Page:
» » Nissan files claim against Ghosn's sister in Brazil court

Nissan files claim against Ghosn's sister in Brazil court

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The court report of December 11, which was reviewed by Reuters, showed that the Japanese automaker filed a lawsuit against Claudine Bishara de Oliveira. The list stated that Nissan acts as a plaintiff, and Oliveira - as a defendant with the theme "unfair enrichment”. Further details were not immediately available.

Nissan said that the lawsuit, which provides for the suspension of the statute of limitations on a document created three years earlier, will allow him to continue the lawsuit.
"At the moment, this is just a notification to protect the interests of Nissan from the statute of limitations," the company replied in response to a question by e-mail. "This is not just a request for sentencing Oliveira."

Nissan refused to clarify the document or the charges against Oliveira. A representative of the Ghosn family did not respond to a request for comment on the filing. Oliveira did not immediately respond to a request for comment.

Brazil-born Ghosn was arrested last month and charged this week in Japan for allegedly understating his income. Nissan also accuses him of diverting company funds to pay for personal expenses. Since his arrest, he has been detained in Japan.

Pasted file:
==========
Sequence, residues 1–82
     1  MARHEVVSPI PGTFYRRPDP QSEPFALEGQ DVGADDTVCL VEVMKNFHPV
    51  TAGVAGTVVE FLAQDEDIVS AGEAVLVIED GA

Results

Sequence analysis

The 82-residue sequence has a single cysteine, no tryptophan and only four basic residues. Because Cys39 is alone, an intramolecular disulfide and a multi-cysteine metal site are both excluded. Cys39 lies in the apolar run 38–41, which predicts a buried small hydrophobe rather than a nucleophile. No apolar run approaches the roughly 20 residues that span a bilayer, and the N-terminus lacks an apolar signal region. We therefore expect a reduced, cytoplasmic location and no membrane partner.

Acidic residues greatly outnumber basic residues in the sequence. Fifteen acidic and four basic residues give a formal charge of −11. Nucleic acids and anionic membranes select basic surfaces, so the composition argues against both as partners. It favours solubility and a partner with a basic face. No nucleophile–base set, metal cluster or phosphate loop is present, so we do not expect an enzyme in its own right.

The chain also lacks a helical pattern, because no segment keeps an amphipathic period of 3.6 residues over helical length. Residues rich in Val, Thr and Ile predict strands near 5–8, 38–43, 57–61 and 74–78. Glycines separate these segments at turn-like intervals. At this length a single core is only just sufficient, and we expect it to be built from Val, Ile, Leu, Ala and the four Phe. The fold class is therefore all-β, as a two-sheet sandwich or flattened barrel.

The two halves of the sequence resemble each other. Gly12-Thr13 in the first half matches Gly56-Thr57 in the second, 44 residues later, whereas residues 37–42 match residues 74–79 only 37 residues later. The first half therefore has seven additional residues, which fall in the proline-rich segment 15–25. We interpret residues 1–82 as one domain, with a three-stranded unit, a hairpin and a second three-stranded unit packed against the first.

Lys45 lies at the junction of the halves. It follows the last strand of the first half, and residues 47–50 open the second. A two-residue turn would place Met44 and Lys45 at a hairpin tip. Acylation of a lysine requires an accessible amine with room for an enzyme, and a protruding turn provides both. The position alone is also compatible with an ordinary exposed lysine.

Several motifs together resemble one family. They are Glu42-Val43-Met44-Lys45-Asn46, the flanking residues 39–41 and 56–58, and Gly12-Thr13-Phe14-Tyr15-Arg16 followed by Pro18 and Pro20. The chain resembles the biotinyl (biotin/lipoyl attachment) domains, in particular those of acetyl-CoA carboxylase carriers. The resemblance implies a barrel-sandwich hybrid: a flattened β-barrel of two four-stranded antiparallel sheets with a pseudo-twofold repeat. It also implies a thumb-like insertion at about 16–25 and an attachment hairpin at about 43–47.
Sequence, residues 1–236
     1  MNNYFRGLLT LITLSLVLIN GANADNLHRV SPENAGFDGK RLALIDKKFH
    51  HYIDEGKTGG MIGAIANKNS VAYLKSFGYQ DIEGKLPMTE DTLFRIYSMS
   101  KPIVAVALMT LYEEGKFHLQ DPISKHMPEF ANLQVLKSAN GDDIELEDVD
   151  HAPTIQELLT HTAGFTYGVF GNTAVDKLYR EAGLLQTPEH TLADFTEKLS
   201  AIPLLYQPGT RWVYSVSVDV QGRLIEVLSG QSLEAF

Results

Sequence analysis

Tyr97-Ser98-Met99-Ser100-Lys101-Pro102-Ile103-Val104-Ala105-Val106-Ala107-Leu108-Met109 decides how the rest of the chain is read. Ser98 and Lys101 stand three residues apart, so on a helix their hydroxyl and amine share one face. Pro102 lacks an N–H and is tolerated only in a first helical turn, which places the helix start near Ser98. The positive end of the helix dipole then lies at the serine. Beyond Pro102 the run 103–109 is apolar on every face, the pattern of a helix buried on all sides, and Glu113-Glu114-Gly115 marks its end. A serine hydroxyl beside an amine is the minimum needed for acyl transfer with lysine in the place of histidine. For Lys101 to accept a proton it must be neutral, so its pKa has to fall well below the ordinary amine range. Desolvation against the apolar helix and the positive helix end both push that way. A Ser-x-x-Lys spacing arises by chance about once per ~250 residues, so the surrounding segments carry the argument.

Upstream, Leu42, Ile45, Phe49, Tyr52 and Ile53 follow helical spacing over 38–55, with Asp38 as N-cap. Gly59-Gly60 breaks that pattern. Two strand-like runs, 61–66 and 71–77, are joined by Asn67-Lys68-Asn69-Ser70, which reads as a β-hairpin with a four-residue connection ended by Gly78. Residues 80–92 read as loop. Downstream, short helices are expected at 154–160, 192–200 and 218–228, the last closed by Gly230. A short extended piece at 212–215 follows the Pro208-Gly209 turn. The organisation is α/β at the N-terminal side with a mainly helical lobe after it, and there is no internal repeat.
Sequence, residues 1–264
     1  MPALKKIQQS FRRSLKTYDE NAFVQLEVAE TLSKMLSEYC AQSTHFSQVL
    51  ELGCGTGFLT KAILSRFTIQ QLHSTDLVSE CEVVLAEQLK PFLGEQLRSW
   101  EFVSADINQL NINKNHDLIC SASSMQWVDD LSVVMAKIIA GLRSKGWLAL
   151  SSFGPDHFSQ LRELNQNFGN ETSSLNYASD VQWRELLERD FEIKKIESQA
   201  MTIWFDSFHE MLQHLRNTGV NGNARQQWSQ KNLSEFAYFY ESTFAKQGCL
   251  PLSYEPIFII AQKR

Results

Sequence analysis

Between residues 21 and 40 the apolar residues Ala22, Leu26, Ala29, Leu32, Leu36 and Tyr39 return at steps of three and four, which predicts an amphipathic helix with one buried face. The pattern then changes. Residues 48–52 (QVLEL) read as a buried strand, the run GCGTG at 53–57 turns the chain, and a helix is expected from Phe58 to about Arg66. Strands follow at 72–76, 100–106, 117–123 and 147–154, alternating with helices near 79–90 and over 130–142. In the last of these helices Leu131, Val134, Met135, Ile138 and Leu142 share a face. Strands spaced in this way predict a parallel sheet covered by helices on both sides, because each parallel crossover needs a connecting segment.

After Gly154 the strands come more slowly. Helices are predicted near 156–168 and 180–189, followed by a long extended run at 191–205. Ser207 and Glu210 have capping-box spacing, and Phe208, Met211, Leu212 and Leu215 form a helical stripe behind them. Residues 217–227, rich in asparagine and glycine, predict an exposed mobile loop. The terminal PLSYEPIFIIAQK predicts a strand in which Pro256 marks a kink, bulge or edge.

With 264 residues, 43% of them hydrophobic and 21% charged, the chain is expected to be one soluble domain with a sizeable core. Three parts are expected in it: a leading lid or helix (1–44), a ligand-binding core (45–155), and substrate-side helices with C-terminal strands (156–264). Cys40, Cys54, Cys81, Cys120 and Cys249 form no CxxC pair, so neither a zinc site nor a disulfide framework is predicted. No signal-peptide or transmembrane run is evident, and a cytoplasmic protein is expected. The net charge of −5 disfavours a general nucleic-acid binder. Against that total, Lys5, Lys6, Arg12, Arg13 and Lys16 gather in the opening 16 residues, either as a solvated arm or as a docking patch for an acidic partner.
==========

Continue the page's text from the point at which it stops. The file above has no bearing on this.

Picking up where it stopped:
Sources familiar with this question told Reuters that the Gosna office formed an advisory role for Oliveira and gave her compensation, although Nissan's internal investigation found no evidence that such work was done. Sources requested anonymity because the information is not publicly available.

A representative of the Ghosn family did not respond to a request for comment.
Nissan is already struggling with Ghosn and his daughter Caroline to maintain an apartment on the waterfront in Rio de Janeiro, which Ghosn used when he ran the company, and which, he says, may contain evidence of wrongdoing. Ghosn and his daughter were sued to pick up what they called personal items, such as photographs, jewelry, watches, and books.
On Thursday, Nissan faced a setback, as the appellate judge ruled that Gosn or his daughter should be allowed into the apartment within 24 hours to receive personal belongings. The decision provided for the presence of two judicial officers, as well as the presence of Nissan representatives.

It was not immediately clear whether Nissan could appeal this decision.

The apartment in Rio de Janeiro became the center of a side battle with the criminal investigation in Japan, which, according to Nissan, was the result of an internal investigation of Gosn’s offense on the advice of an informant. Nissan says that he found three safes in the apartment that could contain evidence of Gosna’s alleged crimes.

In court documents, Gosna’s lawyers said that since Nissan entered the apartment after his arrest, the automaker could "insert objects or documents that could jeopardize its good reputation.”


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